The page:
Securing an opportunity will not only reward you financially but also help you settle there permanently. You must also look for startup hubs in your city and offer them your services in return for payment.
Moreover, don’t be afraid to walk into the potential employer’s office with a resume/CV in hand. In this way, you will be able to create an excellent first impression.
Platforms to search for JOBS:
https://www.foodora.com/careers/ (delivery job)
https://wolt.com/jobs (delivery job)
European Commission offers job mobility portal EURES (https://ec.europa.eu/eures/eures-searchengine/page/main?lang=en&app=0.16.1p7-build-1#/search) for EU citizens
You can also search more for FB pages/groups or other information on reddit.
You will also find vacancies in the local and national press. Keep an eye on it.
Finland, despite having a skilled workforce, has an aging population. The current generation of workers within Finland’s only 5.5 million people isn’t qualified to fill the soon-to-be-retiring baby boomers generation’s shoes. Traditionally Finland’s job market is dominated by manufacturing as it exports machinery, paper and wood products, electrical equipment, optical equipment, and vehicles.
Led by Nokia, Finland, is slowly becoming a Tech and IT hub in Europe. So, after graduation, it is very likely to secure a job quickly. The most Popular jobs industries are:
Machinery and Scientific instruments
Data analysis and Data science
Medical Practitioner, dentist, speech therapist, and nurses
The new working hours act allows employees to choose when and where they work for at least half of their contracted working hours. Typical Finnish workers work 40 hours per week (8-5 am) from Monday to Friday. Employees enjoy 13 bank holidays as well as 25 minimum annual leave.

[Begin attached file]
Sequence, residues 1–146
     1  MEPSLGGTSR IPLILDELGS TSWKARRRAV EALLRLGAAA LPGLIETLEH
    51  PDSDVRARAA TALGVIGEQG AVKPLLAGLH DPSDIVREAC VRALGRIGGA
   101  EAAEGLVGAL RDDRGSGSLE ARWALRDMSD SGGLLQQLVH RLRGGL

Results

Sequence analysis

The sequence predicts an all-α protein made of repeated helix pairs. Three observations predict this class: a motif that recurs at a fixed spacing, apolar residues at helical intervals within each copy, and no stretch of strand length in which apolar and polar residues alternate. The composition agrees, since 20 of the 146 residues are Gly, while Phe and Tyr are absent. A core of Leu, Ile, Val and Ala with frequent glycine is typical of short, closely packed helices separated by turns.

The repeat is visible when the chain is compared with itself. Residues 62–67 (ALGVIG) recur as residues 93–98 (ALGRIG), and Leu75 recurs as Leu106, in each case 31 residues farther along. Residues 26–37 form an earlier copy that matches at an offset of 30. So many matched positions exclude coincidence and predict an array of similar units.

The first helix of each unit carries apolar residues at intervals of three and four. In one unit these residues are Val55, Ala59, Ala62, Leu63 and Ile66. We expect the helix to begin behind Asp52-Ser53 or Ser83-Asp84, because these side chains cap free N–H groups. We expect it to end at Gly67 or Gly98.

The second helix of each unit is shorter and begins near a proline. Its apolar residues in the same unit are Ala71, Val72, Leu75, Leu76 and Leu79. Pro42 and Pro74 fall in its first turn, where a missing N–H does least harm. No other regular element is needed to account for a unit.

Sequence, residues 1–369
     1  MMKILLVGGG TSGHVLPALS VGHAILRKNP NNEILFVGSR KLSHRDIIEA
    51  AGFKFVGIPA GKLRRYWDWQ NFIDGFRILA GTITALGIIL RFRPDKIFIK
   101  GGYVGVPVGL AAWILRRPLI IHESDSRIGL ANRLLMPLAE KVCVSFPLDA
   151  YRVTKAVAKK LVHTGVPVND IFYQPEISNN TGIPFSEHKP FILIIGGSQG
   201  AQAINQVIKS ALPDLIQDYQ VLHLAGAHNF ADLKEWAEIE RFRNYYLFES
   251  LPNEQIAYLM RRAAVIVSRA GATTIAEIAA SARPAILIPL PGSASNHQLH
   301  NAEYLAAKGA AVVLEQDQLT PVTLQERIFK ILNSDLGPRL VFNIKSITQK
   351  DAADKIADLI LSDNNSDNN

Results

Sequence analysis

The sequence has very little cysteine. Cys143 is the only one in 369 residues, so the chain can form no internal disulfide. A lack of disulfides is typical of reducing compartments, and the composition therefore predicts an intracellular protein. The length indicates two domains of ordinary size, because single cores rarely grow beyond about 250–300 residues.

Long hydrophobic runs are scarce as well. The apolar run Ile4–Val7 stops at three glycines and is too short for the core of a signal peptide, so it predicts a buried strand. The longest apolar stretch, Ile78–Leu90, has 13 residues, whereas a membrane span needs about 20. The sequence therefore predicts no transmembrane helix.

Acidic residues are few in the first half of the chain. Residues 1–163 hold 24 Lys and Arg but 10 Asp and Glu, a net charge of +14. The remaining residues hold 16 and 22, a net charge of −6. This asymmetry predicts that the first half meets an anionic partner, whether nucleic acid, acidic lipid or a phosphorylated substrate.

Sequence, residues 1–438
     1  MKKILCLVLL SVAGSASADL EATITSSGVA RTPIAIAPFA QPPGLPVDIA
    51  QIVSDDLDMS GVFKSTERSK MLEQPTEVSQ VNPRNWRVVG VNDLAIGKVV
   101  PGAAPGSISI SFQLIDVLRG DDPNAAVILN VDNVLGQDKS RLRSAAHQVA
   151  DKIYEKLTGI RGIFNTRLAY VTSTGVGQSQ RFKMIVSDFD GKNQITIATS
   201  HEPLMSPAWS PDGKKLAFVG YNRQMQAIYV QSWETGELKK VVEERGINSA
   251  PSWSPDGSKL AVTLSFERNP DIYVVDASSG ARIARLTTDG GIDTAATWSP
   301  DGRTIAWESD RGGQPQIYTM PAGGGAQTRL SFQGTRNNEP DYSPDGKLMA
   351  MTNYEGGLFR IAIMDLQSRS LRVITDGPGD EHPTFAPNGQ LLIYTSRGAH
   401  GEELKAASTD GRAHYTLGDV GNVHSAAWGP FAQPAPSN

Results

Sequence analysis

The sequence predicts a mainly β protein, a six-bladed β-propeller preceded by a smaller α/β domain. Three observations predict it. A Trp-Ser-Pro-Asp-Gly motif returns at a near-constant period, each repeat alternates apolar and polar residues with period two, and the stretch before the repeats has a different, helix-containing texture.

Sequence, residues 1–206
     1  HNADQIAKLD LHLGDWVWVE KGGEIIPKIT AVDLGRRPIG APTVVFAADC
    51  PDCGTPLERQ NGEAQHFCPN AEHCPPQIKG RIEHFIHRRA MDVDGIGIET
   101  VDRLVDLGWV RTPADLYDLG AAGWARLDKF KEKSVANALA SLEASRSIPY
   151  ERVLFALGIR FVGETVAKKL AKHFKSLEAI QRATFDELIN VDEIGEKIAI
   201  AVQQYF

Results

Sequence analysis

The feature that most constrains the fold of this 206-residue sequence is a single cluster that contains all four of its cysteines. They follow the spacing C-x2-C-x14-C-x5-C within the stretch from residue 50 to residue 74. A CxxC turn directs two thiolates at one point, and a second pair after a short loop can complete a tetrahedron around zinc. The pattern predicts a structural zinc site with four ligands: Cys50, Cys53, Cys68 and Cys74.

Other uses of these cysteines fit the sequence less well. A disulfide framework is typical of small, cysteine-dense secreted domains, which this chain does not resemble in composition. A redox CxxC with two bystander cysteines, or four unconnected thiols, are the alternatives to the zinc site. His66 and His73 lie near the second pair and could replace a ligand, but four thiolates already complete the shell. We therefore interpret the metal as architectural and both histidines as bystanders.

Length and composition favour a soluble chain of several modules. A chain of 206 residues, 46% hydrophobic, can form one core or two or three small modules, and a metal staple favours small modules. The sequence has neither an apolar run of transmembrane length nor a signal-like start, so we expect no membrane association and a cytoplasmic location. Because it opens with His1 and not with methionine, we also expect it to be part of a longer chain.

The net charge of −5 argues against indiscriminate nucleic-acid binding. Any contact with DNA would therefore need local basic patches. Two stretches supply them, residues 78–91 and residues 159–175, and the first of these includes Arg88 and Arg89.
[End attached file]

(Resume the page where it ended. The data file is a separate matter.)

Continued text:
Few tips: If you are a student working part-time or full time in Finland, keep in mind that if your company or employer doesn’t sign a contract with you, then it can lay you off within four months without any explanation. You won’t be considered as a permanent worker in these four months.
However, after four months, you will be regarded as a permanent worker and enjoy benefits according to your company policy. An important point to note down is if your company needs to lay you off after providing you with a burning letter.
If you are a permanent employee, then you will be entitled to the following benefits:
Your company must have to provide you work for your working hours (based on your contract)/week. If your company doesn’t give you contract hour work, they still will be entitled to pay you according to your contract hours/week.
If your end of the month salary statement doesn’t provide you with accurate details of your working hours, your company must adjust within the next month salary statements.
If your company gives you a warning letter due to your poor work performance or others and if you think the warning letter was incorrect/ unjustifiable or wrong, you can refute their points. If you did, then the warning letter would not take action.
If your company relocates, your company would still be entitled to pay wages according to the contracted working hours.
If your company lays off without proper reason, you can take your company to the Finnish court.
If you get injured while working in Finland, your company must pay for all your expenses.